No one can take wages for work not done, the Delhi High Court said today referring to MCD cleaning staff not showing up for work. The location and time-wise work roster as well as the identity of each cleaning staff or ‘safai karamchaari’ should be put up on the website of the corporations, the court directed and also suggested that these details be put up at the site which a worker is assigned. “Payment be made only against work actually done. No one takes wages for work not done. Culture of not discharging your duties has to go,” a bench of Acting Chief Justice Gita Mittal and Justice C Hari Shankar said and added that the cleaning staff would be paid first and then the other MCD employees. The court noted that there was a “huge manpower” of cleaning staff — 15,000 in East MCD, 26,000 in North MCD and 23,000 South MCD — “despite which Delhi was being smothered under garbage and sewage”.
The bench directed the Commissioners of the three municipal corporations of Delhi (MCDs) to monitor the attendance of the cleaning staff and to frame a proposal for ensuring they discharge their duties. This was one of the short term measures suggested by the court, which has been monitoring the issue of garbage removal and disposal from the city after it was told that lack of cleanliness also lead to spread of vector-borne diseases like dengue. Apart from that the court also focused on the “insufficient action” taken against those who litter the city or allow garbage to accumulate, despite several littering magistrates assigned to the three MCDs.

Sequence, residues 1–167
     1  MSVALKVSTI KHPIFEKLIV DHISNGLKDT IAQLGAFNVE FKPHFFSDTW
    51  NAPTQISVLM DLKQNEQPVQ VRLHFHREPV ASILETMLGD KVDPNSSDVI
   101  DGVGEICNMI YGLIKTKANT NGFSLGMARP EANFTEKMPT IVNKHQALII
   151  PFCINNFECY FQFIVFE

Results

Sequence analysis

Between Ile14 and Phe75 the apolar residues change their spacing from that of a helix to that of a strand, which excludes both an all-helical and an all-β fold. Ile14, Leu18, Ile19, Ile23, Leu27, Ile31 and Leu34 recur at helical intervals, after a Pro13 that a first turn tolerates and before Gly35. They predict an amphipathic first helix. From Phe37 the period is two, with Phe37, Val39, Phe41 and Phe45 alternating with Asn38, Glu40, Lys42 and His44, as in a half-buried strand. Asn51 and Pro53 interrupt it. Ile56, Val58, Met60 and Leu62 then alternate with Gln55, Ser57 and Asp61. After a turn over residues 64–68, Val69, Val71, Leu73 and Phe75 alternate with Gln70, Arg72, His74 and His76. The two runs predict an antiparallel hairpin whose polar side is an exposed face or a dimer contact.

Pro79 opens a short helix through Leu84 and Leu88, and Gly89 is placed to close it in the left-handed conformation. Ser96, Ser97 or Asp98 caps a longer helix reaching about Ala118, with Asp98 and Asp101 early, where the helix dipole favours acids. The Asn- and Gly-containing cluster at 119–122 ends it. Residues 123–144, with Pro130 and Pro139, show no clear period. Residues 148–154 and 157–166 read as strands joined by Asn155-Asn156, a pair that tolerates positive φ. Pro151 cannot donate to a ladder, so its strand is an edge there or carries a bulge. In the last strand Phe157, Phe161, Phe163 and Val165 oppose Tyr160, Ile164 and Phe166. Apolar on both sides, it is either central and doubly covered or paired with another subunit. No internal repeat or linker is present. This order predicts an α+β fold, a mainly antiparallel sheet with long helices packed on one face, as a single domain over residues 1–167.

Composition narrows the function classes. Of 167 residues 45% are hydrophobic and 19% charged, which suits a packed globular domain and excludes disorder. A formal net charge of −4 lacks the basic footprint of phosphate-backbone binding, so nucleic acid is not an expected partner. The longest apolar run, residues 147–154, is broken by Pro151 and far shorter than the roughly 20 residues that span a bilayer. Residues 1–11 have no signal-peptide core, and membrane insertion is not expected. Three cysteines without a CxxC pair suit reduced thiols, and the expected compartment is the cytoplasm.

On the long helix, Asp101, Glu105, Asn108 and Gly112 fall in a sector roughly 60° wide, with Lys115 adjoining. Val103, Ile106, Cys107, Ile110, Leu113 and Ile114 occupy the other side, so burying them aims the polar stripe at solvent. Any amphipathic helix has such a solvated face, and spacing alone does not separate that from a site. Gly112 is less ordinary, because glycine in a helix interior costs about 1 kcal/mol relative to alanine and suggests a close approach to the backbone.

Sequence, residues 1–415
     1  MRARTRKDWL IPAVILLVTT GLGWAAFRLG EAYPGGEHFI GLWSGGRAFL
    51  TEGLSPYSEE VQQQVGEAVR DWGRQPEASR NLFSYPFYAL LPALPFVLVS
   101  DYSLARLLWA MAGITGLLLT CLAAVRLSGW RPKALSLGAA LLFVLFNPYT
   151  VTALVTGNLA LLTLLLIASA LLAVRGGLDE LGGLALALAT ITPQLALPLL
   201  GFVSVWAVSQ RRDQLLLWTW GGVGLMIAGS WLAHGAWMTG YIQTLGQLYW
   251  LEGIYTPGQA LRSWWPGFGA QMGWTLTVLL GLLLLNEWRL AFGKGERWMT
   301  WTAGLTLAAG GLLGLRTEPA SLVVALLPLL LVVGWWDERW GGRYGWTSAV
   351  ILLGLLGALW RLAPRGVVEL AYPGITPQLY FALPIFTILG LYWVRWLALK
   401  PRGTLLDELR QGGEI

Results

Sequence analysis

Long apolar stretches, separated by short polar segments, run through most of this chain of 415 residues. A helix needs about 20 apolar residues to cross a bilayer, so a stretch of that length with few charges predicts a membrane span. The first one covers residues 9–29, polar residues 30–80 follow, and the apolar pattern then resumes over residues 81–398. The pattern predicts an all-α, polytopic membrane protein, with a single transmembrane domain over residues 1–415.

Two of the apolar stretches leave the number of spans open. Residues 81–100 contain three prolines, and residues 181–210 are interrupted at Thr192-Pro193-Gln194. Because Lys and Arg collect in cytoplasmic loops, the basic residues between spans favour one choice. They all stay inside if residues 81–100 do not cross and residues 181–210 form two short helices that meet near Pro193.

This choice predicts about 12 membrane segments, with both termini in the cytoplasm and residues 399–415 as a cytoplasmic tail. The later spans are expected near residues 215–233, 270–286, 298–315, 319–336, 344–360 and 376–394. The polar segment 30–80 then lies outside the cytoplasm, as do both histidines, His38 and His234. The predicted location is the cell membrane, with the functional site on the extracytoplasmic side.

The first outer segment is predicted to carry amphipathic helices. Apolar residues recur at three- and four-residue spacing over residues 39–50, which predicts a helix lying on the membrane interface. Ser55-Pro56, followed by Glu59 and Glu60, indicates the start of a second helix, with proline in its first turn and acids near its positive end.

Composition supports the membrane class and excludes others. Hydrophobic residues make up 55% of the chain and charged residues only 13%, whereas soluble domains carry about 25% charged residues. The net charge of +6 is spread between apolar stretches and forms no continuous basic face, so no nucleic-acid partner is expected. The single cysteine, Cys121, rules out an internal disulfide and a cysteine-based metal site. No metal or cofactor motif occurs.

It took on record the assurance given by the Commissioners of the three MCDs that stringent action will be taken against those found littering and those who cause garbage to pile up which in turn leads to dangerous diseases. “Leave a place clean and it would not be littered. Look at how clean the Delhi Metro is,” the court said. The bench also issued directions regarding creating public awareness regarding collection and disposal of waste, saying no long-term plan for making and keeping the city clean would work without participation of the citizens.
The court noted that as there was “no cohesion” in the activities of the three MCDs, therefore a nodal agency isrequired to design a programme for creating public awareness. To achieve this objective, the bench appointed the DSLSA as the nodal body to be assisted by the Deputy Commissioners of the three MCDs as well as experts nominated by the Centre and the New Delhi Municipal Council. The panel constituted by the court also includes environmentalists M C Mehta, Sunita Narayanan and Almitra
Patel. It asked the panel to submit its report on the design and programme as well as the publicity material within four weeks and listed the matter for hearing on July 12.
The cost of creating the programme which shall include the emoluments to be paid to those working on it shall be borne by the Delhi government, the bench said. The directions were issued by the court while hearing two PILs filed by lawyers Arpit Bhargava and Gauri Grover who have sought directions to the municipal bodies and other authorities to take steps to prevent spread of vector borne diseases like dengue, chikungunya and malaria.